Trump and Clinton sparred over tax cuts during their final debate — except for the one they agree on

Eliminating the carried interest loophole is one issue where these two agree.
Spencer Platt/Getty Images

There’s a tax loophole that traces its roots to cargo-carrying sea captains of the 1100s.

What’s remarkable about it in 2016 is that eliminating it is one of the few things that Donald Trump and Hillary Clinton agree on.

It’s called carried interest, and it’s a great deal for people who make their fortunes in private equity, such as Mitt Romney. Or in real estate, like Donald Trump. Or even investors such as Warren Buffett. Their compensation as partners in their firms is taxed far lower than most Americans’ salaries.

And yet, even during a heated discussion about the economy at Wednesday’s debate, it didn’t come up. Both Trump and Clinton want to close this “loophole” and tax carried interest at the same rates as ordinary income. That’s a big change from 2012 when Mitt Romney stood by the policy that benefited him mightily.

“Presidential candidates rarely agree on tax issues, so Clinton’s and Trump’s agreement on carried interest is striking,” Steve Rosenthal, senior fellow at the Urban-Brookings Tax Policy Center, said in an email.

How it works

How carried interest works, via the American Investment Council. (Click to enlarge.)
American Investment Council

Carried interest generally benefits partners and workers at investment firms, including those in private equity, real estate, and venture capital. It works something like this:

A private-equity fund buys up all or some of a company, makes some changes, and then hopes to sell that investment in a few years at a profit. The profits, if any, flow through a funnel that ends up in the bank accounts of investment managers and the investors who put up their own capital.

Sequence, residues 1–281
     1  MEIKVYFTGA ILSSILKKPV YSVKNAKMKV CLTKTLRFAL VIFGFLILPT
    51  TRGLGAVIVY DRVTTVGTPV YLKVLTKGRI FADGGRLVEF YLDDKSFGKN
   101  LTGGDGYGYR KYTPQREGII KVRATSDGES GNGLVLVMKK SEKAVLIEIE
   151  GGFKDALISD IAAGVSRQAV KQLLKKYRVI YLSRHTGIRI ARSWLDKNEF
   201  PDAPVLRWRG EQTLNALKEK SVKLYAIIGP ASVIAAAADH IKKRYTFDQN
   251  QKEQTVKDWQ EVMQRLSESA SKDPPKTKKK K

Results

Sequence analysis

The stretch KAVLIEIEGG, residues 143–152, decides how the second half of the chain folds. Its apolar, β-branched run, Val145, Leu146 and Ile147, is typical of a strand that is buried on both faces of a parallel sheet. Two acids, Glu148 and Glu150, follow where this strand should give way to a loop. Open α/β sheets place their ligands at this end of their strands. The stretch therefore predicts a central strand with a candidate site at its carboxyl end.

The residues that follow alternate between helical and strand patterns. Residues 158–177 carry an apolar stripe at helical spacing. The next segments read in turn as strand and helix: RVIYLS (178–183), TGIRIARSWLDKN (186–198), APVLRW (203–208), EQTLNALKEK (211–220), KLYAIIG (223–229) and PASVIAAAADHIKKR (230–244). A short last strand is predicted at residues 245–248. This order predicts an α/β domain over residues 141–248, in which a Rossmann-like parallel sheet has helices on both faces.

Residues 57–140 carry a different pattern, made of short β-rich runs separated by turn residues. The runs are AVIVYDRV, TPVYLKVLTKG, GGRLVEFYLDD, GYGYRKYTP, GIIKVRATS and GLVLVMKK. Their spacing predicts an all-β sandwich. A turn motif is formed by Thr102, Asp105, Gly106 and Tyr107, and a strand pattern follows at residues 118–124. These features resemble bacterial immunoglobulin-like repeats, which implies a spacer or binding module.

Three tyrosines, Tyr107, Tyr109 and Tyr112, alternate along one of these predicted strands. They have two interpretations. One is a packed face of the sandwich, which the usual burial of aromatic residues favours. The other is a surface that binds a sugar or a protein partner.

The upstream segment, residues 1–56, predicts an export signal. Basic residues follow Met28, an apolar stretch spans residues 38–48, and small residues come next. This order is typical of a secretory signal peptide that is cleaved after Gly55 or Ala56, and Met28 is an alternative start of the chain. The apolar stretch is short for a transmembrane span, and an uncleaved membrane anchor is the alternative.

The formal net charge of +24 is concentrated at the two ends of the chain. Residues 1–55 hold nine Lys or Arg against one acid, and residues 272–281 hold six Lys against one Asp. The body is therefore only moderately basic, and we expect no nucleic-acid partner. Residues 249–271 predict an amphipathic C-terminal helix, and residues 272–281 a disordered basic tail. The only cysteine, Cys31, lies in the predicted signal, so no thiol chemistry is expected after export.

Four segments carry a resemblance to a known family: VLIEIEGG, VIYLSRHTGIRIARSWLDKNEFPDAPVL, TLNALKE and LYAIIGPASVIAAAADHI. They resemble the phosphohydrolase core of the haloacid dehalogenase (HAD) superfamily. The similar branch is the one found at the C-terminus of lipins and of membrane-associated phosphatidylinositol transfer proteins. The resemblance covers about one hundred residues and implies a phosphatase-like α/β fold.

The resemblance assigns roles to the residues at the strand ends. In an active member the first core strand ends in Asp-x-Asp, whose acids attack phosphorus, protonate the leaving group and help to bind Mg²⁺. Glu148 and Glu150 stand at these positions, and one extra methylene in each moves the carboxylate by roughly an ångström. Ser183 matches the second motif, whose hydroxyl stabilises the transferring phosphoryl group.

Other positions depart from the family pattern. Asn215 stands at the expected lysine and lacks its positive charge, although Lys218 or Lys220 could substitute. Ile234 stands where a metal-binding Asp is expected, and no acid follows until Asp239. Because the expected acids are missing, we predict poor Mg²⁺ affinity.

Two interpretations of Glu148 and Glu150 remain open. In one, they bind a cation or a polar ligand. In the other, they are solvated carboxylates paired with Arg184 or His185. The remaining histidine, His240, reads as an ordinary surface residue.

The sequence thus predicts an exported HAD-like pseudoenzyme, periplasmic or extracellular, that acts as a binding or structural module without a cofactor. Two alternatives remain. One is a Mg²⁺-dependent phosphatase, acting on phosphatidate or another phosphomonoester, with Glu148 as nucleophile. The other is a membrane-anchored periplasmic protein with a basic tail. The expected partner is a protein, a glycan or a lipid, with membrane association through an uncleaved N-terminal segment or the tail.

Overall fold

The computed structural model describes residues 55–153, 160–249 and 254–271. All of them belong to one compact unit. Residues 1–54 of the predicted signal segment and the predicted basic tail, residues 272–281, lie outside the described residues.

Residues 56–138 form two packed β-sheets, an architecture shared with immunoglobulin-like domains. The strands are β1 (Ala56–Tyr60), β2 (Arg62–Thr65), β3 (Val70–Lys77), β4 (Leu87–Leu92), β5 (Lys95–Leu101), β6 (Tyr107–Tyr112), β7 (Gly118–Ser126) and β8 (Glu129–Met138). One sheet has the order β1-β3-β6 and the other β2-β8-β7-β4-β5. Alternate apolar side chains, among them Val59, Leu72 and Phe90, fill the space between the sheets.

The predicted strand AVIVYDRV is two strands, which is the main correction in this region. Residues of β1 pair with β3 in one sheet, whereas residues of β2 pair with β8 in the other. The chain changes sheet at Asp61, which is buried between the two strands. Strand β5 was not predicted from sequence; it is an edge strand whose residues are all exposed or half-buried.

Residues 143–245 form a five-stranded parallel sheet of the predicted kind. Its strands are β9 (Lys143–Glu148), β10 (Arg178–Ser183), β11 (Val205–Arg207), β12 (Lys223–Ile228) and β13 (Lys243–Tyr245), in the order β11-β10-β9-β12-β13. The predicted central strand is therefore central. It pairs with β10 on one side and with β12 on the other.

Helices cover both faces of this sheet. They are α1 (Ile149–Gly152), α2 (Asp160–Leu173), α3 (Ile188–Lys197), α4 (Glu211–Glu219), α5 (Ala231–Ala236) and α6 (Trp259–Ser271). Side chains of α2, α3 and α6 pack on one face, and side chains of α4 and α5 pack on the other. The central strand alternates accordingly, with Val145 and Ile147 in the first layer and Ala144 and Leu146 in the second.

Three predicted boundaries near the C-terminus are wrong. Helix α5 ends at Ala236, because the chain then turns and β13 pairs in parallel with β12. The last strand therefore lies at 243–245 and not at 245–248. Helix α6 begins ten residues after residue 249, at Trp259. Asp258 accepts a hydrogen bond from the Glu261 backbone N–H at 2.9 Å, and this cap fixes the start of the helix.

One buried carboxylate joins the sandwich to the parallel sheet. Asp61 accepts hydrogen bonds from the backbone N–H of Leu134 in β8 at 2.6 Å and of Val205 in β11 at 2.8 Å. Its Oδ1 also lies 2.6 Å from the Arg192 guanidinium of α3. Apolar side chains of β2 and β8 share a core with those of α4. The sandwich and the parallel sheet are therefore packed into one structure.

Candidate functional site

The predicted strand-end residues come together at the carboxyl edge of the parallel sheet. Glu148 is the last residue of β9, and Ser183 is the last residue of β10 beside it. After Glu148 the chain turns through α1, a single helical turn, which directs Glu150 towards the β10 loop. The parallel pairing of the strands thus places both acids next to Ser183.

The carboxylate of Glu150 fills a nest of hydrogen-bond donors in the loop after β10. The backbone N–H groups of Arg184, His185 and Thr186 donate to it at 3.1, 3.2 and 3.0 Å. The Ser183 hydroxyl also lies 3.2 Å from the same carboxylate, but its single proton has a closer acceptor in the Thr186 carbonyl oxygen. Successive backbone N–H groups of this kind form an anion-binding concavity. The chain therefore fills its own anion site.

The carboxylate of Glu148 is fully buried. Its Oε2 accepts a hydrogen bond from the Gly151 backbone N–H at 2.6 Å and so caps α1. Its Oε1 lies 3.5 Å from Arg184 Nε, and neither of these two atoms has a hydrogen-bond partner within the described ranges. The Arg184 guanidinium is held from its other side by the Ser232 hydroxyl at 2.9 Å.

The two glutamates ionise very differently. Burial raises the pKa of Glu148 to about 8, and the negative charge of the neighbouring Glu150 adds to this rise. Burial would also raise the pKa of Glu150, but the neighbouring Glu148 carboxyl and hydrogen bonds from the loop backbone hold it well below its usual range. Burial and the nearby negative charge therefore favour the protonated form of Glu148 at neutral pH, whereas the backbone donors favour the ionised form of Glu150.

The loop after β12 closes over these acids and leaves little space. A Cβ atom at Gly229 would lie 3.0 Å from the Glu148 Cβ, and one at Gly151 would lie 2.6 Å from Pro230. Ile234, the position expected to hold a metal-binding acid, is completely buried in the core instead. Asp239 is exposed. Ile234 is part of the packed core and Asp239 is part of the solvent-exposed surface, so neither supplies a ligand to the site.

For the fund managers, this share of the profits is usually the bulk of their compensation. Investors often pay 2% of their assets to the operation of the fund, and then 20% on the profits on whatever the fund returns. For the fund managers, that 20% – often many millions of dollars – is taxed as capital gains, not ordinary income, so they find the much of their income taxed at a maximum rate of 20%.

This scenario is similar for venture-capital or real-estate organizations that pass profits on to staffers.

In contrast, salaried Americans face a top tax bracket nearly twice that – 39.6%.

The benefit has roots that go back centuries. Some trace it to cargo-carrying sea captains, who got a cut of a businesses’ profits after literally carrying its goods successfully to a port. In the early 20th century, firms looking for oil used investors’ money to do the hard work of exploring, according to ProPublica. And in exchange for their effort and risk, they received a share of the profits taxed at lower capital-gains rates.

A break for the richest

Critics contend the expertise that fund managers provide is no different from what most people provide at work and should be taxed as such.

It doesn’t hurt that the people benefiting from the policy are also some of the country’s richest, often the 0.01%.

And while some of these beneficiaries, like Warren Buffett, advocate ditching the loophole, it may come as no surprise that many in the industry would prefer to keep carried interest as is.

Billionaires like David Rubenstein of the Carlyle Group have fought changes, as reported by The New Yorker.

Carlye and other private-equity firms are also represented by a trade group pushing the no-change stance, the Washington, DC-based American Investment Council. Here is its stance on the issue:

“As long as one believes that taxing long‐term capital gains at a lower rate is sound tax policy, there is no ‘inequity’ in the current taxation of capital gains attributable to carried interests. Indeed, if Congress denies such tax rates to private equity, it is singling out one group of investors for less favorable treatment than others who do precisely the same thing. If Congress no longer believes having a differential long‐term capital gains rate is fair, it should remove it for everyone, not just private equity investors.”

Tax Policy Center

The issue is divisive, even on Wall Street.

Peter Borish, chief strategist at Quad Group, a New York-based asset-management firm, thinks carried interest should be eliminated.

“The manager is not taking the same risk” as mom-and-pop investors who are investing their own money, Borish said. “If it was all their own money, they would have a legitimate argument.

“If these people are already at the higher end of the spectrum, is it going to change incentives? I don’t think so. And if it does, it’s never politically difficult [for Congress] to say we should lower taxes.”

The issue has picked up steam over the past few years, but nothing has changed since Congress first started hearings on the matter a decade ago, the Tax Policy Center’s Rosenthal said.

“Special-interest lobbyists have stalled any legislation by raising a variety of scope and fairness arguments,” he said.

But it seems clear that whoever wins in November, there will soon be another carried-interest critic living in the White House.